CATH NEWS REPORT: Average-sized new independent school in Western Sydney, which will make it harder for non-profit groups to build schools, reports the Daily Telegraph.
Church groups and other non-profit organisations will pay $810,000 in a special infrastructure levy for an average 3ha school site. The levies are paid up-front and are a condition of development approval.
Western Sydney Catholic Diocese chief financial officer, Bernard Ryall, said future school plans would need to be examined. "We usually like a level playing field. We will need to take advice and have a look at the impact for plans in the growth corridors," he said.
Government schools and TAFEs will be exempt from the charge, which applies to developments in the designated "growth centres" in Blacktown, Campbelltown, Camden, Liverpool, the Hills and Hawkesbury council areas.
Similar levies to be introduced in the Hunter and the Illawarra would force not-for-profit groups to pay similar levies to build independent schools, said Aaron Gadiel from the Urban Taskforce.After a review, Planning Minister Tony Kelly yesterday revealed the results in the Friday afternoon government gazette.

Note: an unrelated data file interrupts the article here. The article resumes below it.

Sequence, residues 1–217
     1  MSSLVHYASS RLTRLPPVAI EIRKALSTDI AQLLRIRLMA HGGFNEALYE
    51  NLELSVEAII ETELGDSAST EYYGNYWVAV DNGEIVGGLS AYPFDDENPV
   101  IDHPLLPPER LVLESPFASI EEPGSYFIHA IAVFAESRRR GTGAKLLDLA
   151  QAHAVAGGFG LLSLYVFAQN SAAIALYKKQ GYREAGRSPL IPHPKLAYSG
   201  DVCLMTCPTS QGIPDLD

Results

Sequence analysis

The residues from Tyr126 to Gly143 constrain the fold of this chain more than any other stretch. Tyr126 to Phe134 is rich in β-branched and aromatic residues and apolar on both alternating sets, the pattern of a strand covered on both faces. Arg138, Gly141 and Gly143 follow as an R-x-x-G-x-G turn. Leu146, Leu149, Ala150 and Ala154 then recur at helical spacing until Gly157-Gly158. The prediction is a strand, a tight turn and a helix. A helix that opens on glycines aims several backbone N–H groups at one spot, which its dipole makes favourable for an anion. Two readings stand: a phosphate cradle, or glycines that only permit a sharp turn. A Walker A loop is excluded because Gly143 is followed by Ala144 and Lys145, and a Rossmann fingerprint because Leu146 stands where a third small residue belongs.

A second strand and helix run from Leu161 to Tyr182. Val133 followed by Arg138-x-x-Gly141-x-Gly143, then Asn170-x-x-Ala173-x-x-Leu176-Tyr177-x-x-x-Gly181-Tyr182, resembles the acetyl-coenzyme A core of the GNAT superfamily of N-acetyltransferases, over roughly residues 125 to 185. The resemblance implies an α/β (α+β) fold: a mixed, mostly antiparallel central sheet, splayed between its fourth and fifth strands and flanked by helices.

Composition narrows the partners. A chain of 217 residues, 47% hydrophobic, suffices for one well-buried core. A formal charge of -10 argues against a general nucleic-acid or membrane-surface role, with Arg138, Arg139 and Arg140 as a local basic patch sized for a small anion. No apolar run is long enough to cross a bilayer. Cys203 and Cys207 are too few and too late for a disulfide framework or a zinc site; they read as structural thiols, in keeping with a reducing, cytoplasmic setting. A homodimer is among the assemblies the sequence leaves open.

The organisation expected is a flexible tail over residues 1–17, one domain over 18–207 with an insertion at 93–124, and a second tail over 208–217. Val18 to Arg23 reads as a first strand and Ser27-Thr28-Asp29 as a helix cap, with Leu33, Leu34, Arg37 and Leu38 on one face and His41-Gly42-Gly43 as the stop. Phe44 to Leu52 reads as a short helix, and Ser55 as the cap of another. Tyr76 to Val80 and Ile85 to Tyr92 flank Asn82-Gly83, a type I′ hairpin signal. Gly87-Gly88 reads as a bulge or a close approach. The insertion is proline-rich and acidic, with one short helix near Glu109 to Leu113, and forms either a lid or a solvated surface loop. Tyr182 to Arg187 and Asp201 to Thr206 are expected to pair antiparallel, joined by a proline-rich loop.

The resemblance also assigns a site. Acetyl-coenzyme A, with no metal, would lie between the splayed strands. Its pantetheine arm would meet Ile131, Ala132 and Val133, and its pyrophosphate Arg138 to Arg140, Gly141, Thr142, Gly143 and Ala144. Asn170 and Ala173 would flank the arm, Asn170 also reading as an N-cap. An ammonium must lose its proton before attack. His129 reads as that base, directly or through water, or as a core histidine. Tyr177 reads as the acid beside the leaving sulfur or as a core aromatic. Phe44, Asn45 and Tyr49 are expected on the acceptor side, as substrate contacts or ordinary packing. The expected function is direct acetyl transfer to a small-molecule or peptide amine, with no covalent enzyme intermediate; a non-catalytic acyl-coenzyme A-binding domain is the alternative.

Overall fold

"These schools are run mostly by church groups - these are not-for-profit groups. It will be harder for them to raise the money to get the school to start with," Mr Gadiel said.
"They have other charges and now they have got to pay $800,000, it will reduce access to education. It is a nonsense."
In other school news, the Sydney Morning Herald reports that a mini-baby boom between 2004-08, which coincided with the introduction of the $3000 baby bonus, will result in a spike in kindergarten enrolments this year.
Catholic schools in Sydney are expecting an extra 1000 enrolments this year, 400 of them in kindergarten.
Mark Rix, a spokesman, said enrolments rose from 63,000 to 64,000 last year. ''The expectation is for them to rise to 65,000 for 2011,'' he said. ''It is likely the baby bonus will have played some part in the enrolment increase.
''Three schools are putting on one extra kindergarten class this year.''
The national fertility rate rose from 1.78 babies per woman in 2004, when 254,246 babies were born, to 1.9 in 2008, when 296,621 babies were born.